Vimy didn’t inspire then

Editor:

Re: An international lesson in Canadian history, Nov. 3.

I enjoyed Earl Marriott Secondary student Stephanie Nowak’s comments.

Editor:

Re: An international lesson in Canadian history, Nov. 3.

I enjoyed Earl Marriott Secondary student Stephanie Nowak’s comments about Canada’s involvement in Europe in the First World War.

I would like to make a few remarks. First, Winston Churchill was not the prime minister at that time; he was First Lord of the Admiralty.

Second, was Vimy a watershed moment in Canadian identity?

Victory on the ridge notwithstanding, Canadian prime minister Robert Borden was convinced the fate of the British empire was in jeopardy and promised London more soldiers.

Conscription was the issue in the 1917 election, and Borden would tolerate no opposition to his policy.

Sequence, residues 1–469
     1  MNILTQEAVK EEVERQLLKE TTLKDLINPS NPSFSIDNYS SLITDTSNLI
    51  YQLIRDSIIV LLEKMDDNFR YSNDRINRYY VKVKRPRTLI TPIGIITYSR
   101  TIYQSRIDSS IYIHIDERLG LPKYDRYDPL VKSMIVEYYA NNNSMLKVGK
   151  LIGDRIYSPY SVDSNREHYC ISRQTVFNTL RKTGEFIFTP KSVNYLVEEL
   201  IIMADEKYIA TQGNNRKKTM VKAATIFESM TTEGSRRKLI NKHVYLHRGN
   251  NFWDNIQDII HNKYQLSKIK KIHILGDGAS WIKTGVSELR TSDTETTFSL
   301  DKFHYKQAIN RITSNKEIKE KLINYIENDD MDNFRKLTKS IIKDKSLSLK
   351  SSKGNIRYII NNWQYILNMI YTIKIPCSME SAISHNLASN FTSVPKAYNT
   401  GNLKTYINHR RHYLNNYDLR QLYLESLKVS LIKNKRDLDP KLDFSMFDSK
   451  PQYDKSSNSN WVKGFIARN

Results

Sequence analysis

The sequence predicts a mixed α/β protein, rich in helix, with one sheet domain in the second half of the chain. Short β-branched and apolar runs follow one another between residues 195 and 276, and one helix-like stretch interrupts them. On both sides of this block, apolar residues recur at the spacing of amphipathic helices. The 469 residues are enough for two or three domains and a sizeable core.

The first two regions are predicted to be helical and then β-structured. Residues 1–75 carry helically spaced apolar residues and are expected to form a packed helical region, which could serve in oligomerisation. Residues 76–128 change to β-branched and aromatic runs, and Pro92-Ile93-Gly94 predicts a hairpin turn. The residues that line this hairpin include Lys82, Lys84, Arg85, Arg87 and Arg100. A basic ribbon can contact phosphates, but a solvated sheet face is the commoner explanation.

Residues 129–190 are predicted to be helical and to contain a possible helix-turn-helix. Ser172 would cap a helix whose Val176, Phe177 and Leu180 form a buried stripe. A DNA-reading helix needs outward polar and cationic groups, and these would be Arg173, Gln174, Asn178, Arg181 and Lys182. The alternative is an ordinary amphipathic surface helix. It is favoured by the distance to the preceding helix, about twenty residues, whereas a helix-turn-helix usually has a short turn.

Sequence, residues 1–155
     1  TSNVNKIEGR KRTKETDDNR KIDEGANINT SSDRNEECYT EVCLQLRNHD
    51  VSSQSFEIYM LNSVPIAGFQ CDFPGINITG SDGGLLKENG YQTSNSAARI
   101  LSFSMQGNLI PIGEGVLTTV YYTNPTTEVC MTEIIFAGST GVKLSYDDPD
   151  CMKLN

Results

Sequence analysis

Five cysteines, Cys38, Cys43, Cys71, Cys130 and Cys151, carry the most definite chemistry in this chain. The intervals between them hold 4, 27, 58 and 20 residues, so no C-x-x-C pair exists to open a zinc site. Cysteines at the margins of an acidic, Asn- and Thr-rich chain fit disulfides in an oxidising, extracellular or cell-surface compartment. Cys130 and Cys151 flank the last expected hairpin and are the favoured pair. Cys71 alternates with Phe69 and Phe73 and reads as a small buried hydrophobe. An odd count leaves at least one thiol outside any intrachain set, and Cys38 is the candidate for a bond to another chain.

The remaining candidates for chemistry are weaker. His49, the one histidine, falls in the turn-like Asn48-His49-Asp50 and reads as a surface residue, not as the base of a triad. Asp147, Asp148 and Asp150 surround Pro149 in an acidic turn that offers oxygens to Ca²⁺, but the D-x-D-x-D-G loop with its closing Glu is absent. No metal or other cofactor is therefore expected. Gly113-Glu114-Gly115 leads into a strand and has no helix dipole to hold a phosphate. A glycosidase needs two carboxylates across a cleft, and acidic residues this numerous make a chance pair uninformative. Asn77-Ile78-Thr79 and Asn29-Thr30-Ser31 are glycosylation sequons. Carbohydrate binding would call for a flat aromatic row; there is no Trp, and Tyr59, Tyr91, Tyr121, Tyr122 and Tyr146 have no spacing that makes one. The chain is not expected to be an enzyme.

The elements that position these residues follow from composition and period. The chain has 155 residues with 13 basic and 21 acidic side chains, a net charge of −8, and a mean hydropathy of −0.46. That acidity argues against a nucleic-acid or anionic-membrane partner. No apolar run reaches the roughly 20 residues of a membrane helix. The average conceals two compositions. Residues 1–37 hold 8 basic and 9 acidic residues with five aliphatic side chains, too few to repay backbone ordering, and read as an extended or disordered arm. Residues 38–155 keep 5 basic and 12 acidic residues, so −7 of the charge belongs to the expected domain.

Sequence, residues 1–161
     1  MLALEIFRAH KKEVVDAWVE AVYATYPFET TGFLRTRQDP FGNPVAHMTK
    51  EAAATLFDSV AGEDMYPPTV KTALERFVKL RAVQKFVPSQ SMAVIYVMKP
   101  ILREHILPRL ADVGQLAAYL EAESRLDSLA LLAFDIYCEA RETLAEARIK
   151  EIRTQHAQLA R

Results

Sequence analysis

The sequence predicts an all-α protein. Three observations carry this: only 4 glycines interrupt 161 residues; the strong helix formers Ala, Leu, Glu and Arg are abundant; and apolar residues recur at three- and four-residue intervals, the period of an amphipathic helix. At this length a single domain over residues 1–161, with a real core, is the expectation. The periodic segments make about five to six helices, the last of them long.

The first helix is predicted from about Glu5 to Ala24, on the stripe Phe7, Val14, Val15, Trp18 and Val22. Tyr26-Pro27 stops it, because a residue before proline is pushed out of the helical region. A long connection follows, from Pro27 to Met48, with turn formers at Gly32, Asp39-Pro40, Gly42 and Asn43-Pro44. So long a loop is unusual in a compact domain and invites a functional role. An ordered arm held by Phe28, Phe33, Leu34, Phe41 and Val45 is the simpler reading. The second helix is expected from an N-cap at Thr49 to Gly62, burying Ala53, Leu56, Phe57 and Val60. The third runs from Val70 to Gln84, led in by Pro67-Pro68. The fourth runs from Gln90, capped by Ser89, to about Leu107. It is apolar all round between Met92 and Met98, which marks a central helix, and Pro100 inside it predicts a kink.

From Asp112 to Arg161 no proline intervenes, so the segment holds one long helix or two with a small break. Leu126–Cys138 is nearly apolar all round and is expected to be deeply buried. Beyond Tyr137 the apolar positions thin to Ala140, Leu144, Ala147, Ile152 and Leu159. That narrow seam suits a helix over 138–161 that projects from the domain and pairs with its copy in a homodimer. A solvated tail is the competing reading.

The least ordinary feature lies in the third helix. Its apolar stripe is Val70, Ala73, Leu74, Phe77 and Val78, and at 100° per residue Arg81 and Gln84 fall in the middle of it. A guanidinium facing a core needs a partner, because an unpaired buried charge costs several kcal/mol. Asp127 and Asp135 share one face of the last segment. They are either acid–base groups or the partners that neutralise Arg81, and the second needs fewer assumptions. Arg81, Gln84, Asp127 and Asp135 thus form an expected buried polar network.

So certain recent immigrants, their loyalty suspect, were disenfranchised, and the vote given to mothers and wives of serving soldiers. There was even a scheme to put overseas soldiers’ votes into handpicked ridings.

Significant resistance confronted conscription all across Canada. Ontario farmers marched on Ottawa, demanding exemptions for their sons, and riots broke out in Quebec.

As it turned out, conscription failed to produce significantly more recruits than voluntarism, and even by 1918 almost half of the Canadian Expeditionary Force was still British-born.

Whatever its virtues, Vimy did not provide inspiration for the commitment and sacrifice needed to get more men in the trenches any more than “imperial patriotism” did.

Space and time may prevent many from visiting the Vimy memorial, yet I wonder how comfortable Canadians are in accepting a blood-and-guts battle as a foundation of their national identity.

Bob Burgel, Surrey

 

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